The House on Mango Street and Another Brooklyn seemed related to me, similar both in their subjects and writing styles. They’re both told somewhat nontraditionally in smaller vignettes, although I feel that Brooklyn has a more prevalent narrative structure than Mango Street.
A common thread within these books is the “danger” spoken about surrounding young girls. They have moments of adults telling children that other women or themselves are dangerous. August was told by her mother that “...women weren’t to be trusted. Keep your arm out, she said. And keep women a whole other hand away from the farthest tip of your fingernails. She told [August] to keep [her] nails long” (Woodson 19). It can be inferred that something bad had happened in the mother’s life that she blames on at least one other women. As we discussed in class, it’s common in culture to blame a husband caught cheating not on the man, but on the other woman. When Esperanza and her friends are walking around in fancy shoes they had been given, a man tells them that “[The shoes] are dangerous. You girls are too young to be wearing shoes like that” (Cisneros 41).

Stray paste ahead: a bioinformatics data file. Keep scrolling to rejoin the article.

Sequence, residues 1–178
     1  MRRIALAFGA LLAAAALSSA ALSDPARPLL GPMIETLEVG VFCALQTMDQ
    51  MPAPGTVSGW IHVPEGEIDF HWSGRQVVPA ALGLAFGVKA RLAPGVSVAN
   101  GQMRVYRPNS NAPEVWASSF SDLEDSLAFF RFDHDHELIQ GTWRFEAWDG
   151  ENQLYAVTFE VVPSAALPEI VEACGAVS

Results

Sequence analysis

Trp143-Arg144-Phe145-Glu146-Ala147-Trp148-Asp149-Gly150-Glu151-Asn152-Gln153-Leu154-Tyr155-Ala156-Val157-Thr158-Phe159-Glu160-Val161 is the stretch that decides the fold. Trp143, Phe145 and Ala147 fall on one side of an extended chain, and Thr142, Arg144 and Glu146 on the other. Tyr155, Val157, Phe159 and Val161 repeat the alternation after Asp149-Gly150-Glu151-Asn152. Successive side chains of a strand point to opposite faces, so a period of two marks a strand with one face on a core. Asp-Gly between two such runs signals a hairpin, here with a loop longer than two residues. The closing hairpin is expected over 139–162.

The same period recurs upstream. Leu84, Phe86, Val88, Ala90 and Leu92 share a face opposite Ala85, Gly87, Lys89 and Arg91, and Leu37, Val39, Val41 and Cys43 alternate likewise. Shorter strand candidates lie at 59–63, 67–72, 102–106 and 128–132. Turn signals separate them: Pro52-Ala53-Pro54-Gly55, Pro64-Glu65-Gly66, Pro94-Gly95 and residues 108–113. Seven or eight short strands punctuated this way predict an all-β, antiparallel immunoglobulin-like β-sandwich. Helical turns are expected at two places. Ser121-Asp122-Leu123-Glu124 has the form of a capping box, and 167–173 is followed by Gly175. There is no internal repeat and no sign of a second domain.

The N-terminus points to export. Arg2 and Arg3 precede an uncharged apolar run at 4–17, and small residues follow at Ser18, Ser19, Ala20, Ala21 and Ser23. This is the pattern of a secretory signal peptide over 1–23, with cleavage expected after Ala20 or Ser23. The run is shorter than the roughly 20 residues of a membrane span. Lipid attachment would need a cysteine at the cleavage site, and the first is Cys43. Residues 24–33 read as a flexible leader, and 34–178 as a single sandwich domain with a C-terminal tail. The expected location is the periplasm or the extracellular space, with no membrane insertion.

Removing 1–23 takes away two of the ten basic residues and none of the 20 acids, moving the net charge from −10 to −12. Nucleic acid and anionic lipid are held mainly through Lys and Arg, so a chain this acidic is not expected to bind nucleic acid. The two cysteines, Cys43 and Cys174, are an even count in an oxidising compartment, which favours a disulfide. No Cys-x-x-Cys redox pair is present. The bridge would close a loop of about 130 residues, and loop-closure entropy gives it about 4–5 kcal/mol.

Both of these instances involve shifting some sort of blame to women in a way they do not deserve. In the case of August’s mother, it could be a case of internalized misogyny. Telling a young girl that women are not to be trusted could be extremely detrimental, keeping her from trusting other women enough to build meaningful and healthy relationships, and could even go as far as to sow distrust in female family members. It could even continue the internalized misogyny. if August had taken her mother to word, her self worth might have plummeted if she accepted herself as a distrustful member of society. If the theory that August’s mother was cheated on, it would show a lack of holding men accountable for their own actions. In the case of the shoes in Mango Street, the man is essentially blaming the young girls for his own discomfort. Sentiments such as these show a disturbing facet of a culture where women are blamed and men are not held accountable. It’s essentially the same argument as when one would say “She shouldn’t have been wearing those revealing clothes” in response to a women being sexually assaulted, as if her outfit is an excuse for assault, instead of saying “He shouldn’t have assaulted her.”